Utah's mem-bers of Congress are finding themselves between a rock (Utah wilderness) and a hard place (proposed base closures) with a whopper of a scheduling conflict over what may be Utah's two biggest political issues.
All members had promised to attend a series of hearings on the volatile wilderness debate statewide. But conflicts arose when two members of the Defense Base Closure and Realignment Commission changed schedules and decided to visit Utah on April 13 - the day two wilderness hearings had been scheduled.All members feel it is important to be at both sets of meetings to show unified support, but they cannot be - even with some tinkering in the schedules of wilderness meetings announced Tuesday.
"We want to be at all the places like we told the folks we would be, but we've got to split up," said Rep. Jim Hansen, R-Utah.
Hansen, whose district contains all bases proposed for closure, and Sen. Orrin Hatch, R-Utah, plan to stay with base closure commissioners Wendy Steele and Lee Kling throughout their visit. Sen. Bob Bennett, R-Utah, will spend part of the day with them.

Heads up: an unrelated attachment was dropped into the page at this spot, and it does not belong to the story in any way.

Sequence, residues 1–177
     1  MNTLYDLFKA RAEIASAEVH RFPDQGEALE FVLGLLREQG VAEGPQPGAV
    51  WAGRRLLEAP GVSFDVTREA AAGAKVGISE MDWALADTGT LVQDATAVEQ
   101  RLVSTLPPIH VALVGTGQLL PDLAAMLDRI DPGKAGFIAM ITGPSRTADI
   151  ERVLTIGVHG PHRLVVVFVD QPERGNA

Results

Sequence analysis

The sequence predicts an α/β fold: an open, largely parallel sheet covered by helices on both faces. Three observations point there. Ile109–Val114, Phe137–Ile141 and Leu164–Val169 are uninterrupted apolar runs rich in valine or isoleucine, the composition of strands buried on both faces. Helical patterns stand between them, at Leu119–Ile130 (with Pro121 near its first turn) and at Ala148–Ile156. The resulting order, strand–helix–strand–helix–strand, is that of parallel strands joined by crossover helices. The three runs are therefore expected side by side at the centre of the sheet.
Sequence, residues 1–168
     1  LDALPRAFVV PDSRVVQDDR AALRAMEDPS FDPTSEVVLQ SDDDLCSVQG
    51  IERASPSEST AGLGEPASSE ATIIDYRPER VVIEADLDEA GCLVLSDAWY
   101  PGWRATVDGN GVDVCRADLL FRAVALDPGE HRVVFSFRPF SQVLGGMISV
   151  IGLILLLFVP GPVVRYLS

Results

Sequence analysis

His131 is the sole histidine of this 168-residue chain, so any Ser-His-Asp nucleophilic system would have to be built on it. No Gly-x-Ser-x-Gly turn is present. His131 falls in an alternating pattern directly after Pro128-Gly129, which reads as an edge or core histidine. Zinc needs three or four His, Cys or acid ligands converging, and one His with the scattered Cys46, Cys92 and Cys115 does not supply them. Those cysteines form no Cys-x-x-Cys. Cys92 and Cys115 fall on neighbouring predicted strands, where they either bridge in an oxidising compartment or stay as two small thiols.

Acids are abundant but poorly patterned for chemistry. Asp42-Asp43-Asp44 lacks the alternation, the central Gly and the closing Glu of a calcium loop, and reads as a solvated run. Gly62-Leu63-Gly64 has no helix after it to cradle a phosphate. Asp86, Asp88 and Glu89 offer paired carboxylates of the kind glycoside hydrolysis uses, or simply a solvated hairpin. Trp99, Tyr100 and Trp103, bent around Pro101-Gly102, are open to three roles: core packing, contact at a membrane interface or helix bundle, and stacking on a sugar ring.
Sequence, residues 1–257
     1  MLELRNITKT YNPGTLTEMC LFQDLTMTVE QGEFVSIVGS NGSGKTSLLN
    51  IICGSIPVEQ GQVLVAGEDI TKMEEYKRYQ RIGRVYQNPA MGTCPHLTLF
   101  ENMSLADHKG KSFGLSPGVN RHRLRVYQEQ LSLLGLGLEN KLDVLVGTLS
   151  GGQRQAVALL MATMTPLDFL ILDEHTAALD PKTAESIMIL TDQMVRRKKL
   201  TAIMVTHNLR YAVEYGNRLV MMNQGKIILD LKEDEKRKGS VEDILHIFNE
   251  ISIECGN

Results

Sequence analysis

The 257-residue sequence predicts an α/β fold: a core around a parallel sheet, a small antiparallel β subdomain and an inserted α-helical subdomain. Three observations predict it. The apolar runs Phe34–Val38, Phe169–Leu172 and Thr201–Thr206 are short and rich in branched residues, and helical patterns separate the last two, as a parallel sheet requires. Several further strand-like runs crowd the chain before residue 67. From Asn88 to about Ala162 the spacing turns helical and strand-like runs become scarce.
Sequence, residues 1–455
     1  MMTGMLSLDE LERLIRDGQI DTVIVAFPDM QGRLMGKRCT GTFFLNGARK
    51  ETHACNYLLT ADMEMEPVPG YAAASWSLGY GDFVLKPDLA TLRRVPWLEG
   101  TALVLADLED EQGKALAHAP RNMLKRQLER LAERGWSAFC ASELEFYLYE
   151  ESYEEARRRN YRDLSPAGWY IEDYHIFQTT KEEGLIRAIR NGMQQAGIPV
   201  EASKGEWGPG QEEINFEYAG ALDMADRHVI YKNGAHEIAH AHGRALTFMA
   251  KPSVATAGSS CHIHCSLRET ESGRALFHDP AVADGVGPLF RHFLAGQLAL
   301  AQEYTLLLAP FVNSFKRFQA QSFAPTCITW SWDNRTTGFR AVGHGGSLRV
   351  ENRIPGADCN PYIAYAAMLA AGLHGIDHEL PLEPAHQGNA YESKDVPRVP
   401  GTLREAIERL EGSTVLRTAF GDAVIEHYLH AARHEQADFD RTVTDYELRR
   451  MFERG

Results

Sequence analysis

Meanwhile, Rep. Enid Wald-holtz will attend wilderness hearings in Price from 11 a.m. to 3 p.m. and Moab from 5 to 9 p.m. on April 13. (Meetings had previously been scheduled that day for Cedar City and Richfield). Bennett will join her for the Moab meeting.
The schedule for Rep. Bill Orton, D-Utah, is still unclear.
Most members hope to attend meetings now rescheduled on April 14 in Cedar City from 8 a.m. to 1 p.m. and in Richfield from 3 to 7 p.m. Those meetings had originally been scheduled for April 11.
"We can't control when base closure people decide to come, and wilderness is equally important, so we just have to deal with both at the same time," Waldholtz said.
Hatch said, "It's just one of those inevitable conflicts that drive you crazy. I wanted to be at all of the wilderness meetings but just can't be."
All offices said they will have appropriate staff at the meetings where they are unable to attend personally.